"The HEC's Abbas said nothing about how the government would stay neutral during the election process and how the polls would be monitored to ensure transparency and fairness," said Dawoud.
Abbas said "the HEC took all the measures necessary to guarantee that the election process would be marked with integrity, equality and respect for the will of the voters."
Abbas also indicated that the coming polls would be the last for the HEC to supervise.
"According to the new constitution, the HEC will change into the National Election Commission (NEC) which will be supervising all kinds of elections and referendums," said Abbas, adding that "as a result, the HEC will do its best to ensure that its supervision of the coming polls is a good end to its job."
Anwar Al-Sadat, chairman of the Reform and Development Party, however, remarked that “while political parties complained that preparations for the polls took a long time, they are surprised that the HEC decided that registration begins just two days after its press conference."
"The HEC should have held its press conference at least one week ahead of the registration date," said Sadat, indicating that "new candidates in the first stage would find themselves in a rush to finalise their registration papers in a short period of time."
When the door of registration for parliamentary polls opened in March, a record number of around 7,500 candidates were able to apply. Political experts expect this number will increase when the door opens again this week, even if the 87-year old Muslim Brotherhood and some its Islamist allies would not be part of the process- at least openly.
Zahran said members of the Muslim Brotherhood and its political arm, the Freedom and Justice party, cannot register because the group was designated a "terrorist organisation" – in December 2013 and the party was dissolved a few months after.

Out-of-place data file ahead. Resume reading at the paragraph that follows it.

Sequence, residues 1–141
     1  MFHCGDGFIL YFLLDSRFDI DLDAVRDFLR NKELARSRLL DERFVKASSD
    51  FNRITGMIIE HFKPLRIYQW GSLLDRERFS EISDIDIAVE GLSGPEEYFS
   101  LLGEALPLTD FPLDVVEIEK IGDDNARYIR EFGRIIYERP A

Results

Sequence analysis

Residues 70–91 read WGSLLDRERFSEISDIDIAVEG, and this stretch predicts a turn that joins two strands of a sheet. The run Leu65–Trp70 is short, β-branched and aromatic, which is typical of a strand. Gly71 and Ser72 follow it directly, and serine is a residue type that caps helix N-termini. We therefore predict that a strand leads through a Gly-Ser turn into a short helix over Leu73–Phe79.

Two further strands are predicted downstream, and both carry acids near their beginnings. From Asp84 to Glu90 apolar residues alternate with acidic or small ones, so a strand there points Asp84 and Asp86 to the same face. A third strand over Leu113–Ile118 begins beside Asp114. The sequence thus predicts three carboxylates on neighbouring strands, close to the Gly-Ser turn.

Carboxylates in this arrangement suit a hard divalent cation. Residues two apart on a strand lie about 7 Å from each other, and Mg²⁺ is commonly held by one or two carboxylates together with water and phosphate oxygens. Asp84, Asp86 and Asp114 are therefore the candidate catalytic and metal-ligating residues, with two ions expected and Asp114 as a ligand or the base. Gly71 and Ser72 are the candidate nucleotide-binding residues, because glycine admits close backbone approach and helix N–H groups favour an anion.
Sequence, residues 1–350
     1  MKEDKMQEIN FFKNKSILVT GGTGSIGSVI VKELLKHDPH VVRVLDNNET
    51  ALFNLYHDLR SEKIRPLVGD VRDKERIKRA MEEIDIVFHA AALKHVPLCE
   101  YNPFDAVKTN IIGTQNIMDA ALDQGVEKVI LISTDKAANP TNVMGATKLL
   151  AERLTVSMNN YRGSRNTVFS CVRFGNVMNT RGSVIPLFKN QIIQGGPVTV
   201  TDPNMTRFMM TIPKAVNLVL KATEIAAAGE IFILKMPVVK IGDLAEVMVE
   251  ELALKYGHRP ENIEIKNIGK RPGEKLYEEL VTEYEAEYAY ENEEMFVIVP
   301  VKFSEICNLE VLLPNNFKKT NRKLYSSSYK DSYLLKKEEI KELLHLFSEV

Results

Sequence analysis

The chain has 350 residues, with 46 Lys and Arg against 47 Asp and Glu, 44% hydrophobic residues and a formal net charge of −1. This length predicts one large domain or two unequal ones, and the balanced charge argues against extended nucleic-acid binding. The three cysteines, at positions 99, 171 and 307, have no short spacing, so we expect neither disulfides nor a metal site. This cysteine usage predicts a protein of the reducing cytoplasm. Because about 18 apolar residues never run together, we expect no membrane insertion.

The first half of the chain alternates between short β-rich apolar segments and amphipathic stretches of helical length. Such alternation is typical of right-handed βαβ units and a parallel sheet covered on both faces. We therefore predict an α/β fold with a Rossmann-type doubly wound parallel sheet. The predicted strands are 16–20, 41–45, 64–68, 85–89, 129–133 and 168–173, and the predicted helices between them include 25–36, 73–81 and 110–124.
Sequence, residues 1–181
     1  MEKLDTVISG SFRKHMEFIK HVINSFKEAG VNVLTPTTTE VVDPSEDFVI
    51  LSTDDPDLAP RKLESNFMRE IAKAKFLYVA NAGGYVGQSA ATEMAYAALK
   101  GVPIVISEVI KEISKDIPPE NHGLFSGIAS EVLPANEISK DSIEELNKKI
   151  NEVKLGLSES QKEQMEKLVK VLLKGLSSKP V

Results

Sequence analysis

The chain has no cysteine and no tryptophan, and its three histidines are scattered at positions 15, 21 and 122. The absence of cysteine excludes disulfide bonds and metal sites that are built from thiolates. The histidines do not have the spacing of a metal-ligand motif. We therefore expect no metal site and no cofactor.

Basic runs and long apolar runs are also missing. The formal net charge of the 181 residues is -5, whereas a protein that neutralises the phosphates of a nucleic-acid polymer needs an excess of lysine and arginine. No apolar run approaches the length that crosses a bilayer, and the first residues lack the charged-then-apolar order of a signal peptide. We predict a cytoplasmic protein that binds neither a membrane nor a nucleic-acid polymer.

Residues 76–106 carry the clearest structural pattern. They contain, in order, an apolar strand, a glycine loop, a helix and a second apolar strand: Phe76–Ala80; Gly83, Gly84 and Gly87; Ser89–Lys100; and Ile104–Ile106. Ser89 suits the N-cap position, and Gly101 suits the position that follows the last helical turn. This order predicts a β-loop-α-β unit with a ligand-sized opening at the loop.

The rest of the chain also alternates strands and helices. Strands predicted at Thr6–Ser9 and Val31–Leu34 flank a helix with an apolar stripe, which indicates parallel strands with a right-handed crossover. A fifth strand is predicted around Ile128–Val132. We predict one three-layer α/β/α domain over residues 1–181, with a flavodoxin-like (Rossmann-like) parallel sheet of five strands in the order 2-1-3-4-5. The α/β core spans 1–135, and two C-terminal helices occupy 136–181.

“Most of the group's leading officials, including its former high-profile MPs and former president Mohamed Morsi, have been arrested and if any of their members decide to run they will face mass rejection from the people,” Zahran added.
Egypt's President Abdel-Fattah Al-Sisi said last year that "if any of the group's members were able to infiltrate the coming parliament, the people would move to expel them."
Some of the group's allies such as Gamaa Islamiya's Development and Construction Party or the Fadilla (Virtue) Party or the Asala (Authenticity) Party, whose leaders fled to Turkey and Qatar, will not run.
The ultraconservative salafist Nour Party will be the only Islamist force allowed to compete in the elections. But the party is currently facing a secular campaign under the name of "No to religious parties", aiming to dissolve it in line with article 74 of the constitution which bans the formation of political parties on religious grounds.
Although rocked by internal divisions in recent months, most non-Islamist political parties said they will either run on their own or as part of an electoral coalition.
A number of electoral coalitions have been formed including "For the Love of Egypt and the Egyptian Wafd coalition", the Egyptian Front coalition", "the Reawakening of Egypt coalition", "the Independence Current coalition", and the "Social Justice coalition."